Apparently the book cover is the choice of the publisher, and definitely not the preference of the author!
Dr. Meagan Tyler, who some may know through her work as a tutor at Melbourne Uni, has recently had her new book published: ‘Selling Sex Short: The pornographic and sexological construction of sexuality in the West‘. The information below is from the page about the book on the Cambridge Scholars Publishing website, where you can also read a sample PDF and order a copy.
Pornography and the ‘science of sex’ – sexology – are redefining sexuality in the West today, but is the model of sexuality promoted by these two industries selling sex short? In this, the first book to fully investigate the connections between the industries of pornography and sexology, they are found to promote a very similar type of sexual ideal.
Sex therapists now recommend hard-core pornography to patients and porn stars have become sex-advice ‘experts’ offering bestselling self-help books. With reports of the increasing ‘pornification’ of popular culture and an epidemic of ‘Female Sexual Dysfunction,’ it is more important than ever to understand the influence of pornography and sexology on our sexual lives.
Through a feminist critique of current trends in pornography, in sexological research, and in sex self-help books, it is shown that the type of sex being promoted by these industries closely resembles the model of sex found in systems of prostitution. This is a model in which women are bought and sold and yet it is being held up as an ideal for couples to mimic in their everyday heterosexual relationships. Ultimately, this is an unethical model of sexuality that sells sex short.
There was recently a book launch held at Melbourne Uni but unfortunately we did not hear about it in time to post a heads up. But if you attended, let us know how it went!
Meagan Tyler is a Lecturer in Sociology at Victoria University, Australia. She has presented her research on women’s sexuality at conferences around the world and her research has been published in Women’s Studies International Forum and Women and Therapy. She is also a member of the Coalition Against Trafficking in Women Australia.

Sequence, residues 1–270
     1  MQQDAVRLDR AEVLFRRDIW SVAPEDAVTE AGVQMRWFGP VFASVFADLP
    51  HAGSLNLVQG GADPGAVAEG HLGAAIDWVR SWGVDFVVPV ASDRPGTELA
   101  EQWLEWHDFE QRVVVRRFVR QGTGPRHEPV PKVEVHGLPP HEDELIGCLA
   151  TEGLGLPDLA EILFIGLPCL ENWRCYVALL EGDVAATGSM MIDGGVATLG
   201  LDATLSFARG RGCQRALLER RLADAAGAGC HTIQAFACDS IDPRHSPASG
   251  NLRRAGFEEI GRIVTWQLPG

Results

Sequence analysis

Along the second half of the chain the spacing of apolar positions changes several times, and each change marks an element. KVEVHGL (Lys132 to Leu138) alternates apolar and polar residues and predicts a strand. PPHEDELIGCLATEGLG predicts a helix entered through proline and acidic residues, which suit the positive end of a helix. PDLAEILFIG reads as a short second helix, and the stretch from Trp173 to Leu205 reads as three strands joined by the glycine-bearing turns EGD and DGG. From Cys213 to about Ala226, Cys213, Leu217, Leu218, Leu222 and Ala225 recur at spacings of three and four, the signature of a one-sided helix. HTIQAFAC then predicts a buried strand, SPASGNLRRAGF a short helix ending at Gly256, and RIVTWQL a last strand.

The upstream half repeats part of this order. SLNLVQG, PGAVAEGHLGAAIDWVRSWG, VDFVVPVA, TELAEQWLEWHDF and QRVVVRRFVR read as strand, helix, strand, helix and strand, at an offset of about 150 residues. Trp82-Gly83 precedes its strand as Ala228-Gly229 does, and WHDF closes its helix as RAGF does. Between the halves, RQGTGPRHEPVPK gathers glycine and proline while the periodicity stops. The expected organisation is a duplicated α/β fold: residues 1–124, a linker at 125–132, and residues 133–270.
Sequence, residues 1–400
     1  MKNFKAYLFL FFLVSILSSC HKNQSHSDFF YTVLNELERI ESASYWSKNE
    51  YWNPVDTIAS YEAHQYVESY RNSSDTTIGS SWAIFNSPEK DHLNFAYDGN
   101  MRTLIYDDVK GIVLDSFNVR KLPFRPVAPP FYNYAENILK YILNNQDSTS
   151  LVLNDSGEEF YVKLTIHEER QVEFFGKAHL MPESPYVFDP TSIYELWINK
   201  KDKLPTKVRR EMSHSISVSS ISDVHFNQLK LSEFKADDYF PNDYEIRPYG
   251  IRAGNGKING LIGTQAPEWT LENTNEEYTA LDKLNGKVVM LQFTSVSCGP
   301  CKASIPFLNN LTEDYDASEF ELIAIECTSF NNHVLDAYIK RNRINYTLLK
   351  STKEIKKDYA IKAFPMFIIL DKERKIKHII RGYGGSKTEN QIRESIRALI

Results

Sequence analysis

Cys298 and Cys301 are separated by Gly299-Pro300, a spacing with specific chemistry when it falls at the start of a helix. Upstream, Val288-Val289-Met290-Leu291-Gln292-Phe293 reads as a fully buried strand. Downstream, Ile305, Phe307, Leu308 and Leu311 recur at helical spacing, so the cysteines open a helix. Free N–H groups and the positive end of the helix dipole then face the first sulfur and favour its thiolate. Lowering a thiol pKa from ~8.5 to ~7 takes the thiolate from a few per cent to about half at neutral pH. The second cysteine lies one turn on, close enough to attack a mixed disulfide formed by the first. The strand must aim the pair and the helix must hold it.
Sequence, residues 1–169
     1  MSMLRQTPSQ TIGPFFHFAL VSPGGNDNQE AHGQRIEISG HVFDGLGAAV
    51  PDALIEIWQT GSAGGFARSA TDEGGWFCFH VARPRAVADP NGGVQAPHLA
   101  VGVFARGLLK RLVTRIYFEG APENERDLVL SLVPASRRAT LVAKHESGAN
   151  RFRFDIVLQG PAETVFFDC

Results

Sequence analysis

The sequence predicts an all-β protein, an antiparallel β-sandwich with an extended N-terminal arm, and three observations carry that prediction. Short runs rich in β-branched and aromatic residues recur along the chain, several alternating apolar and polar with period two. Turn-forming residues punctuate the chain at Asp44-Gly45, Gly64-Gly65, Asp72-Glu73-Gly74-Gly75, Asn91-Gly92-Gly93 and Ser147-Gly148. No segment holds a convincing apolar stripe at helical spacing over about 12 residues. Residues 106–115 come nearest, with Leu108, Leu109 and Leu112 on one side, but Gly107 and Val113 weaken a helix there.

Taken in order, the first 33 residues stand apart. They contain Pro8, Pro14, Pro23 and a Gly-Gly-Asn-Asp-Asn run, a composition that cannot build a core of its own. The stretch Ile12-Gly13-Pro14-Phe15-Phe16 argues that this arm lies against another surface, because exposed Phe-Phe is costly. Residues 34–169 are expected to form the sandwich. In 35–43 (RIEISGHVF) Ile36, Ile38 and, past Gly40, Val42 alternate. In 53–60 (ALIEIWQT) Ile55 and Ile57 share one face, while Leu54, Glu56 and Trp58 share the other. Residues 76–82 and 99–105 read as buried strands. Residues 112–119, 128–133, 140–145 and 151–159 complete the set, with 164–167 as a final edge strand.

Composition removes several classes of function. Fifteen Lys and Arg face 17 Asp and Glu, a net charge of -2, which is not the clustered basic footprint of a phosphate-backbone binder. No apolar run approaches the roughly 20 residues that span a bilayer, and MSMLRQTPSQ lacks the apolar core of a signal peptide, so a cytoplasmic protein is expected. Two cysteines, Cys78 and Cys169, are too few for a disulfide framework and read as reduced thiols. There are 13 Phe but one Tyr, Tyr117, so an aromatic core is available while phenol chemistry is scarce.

by Alicia Izharuddin // 4 September 2011, 20:09
from this post at The F-Word
Once upon a time, the hallowed halls of academia were only opened to men. Within, men consumed and produced scholarship about other men. The presence of women in university was thought to contaminate, ridicule, and degrade the sacred pursuit of learning. Learning was even thought to be bad for women, making them infertile among other things. When the doors were finally burst open to women, there was no turning back; women were everywhere, accomplishing in male-dominated disciplines, outnumbering and out-performing the male of the species, and dominating the humanities and social sciences. Then came the rise of Gender Studies that served to redress the historical silencing of queer and female voices, and administer a small dose of balance into the male-centred world of learning. So far, so good for woman-kind.
A new book, Big Porn Inc: Exposing the Harms of the Global Porn Industry, is being launched at the moment, and a talk will take place at:
Faculty Function Room
John Medley Building
Tuesday, 13th September from 5:30 – 7pm.
Now, this may a bit of a controversial event (and book) as there are many within the UMSU Wom*n’s Dept (and outside it) who have differing perspectives on pornography, the variety of feminist responses to it, and especially some of the writers who have contributed to this book. The event is posted here in the interests of impartiality and exposure for all feminist-related stuff happening on campus.
Hopefully the event/book will be thought-provoking no matter where you stand. If anyone wants to attend, perhaps we could incorporate this into Feminist Discussion Group.
As we approch the middle of Semester 2, and many people are starting to have assessments (not to mention election tasks, job dramas, family issues, partner problems, and all the other ‘real life’ stuff) piling up, let’s make sure we don’t get down on ourselves and keep positive about getting through it all.
The Crunk Feminist Collective have posted a list of academic survival tips that couldn’t be more timely, and whether you are undegrad or postgrad, hopefully they will strike a chord for a lot of us. Reposted with permission below:
- Be confident in your abilities.
- If you feel like a fraud, you very likely are suffering from impostor syndrome, a chronic feeling of intellectual or personal inadequacy born of grandiose expectations about what it means to be competent. Women in particular suffer with this issue, but I argue that it is worse for women-of-color (particularly Blacks and Latinas) who labor under stereotypes of both racial and gender incompetence. The academy itself also creates grandiose expectations, given the general perception of academicians as hypercompetent people. Secret: Everybody that’s actin like they know, doesn’t really know. So ask your question. It’s probably not as stupid as you think. Now say this with me: “I’m smart enough, my work is important, and damn it, I’m gonna make it.”
(image from the Asylum Seeker Resource Centre Women’s Group & Sewing Group)
Women refugees are not being processed fairly according to a University of Melbourne led study.
The study suggests Australia can do better in how it processes women refugees applying for asylum. Researchers say gender-based persecution issues such as rape, trafficking, female genital alteration, denial of education, domestic abuse and imprisonment need to be taken into account in the processing of women refugees.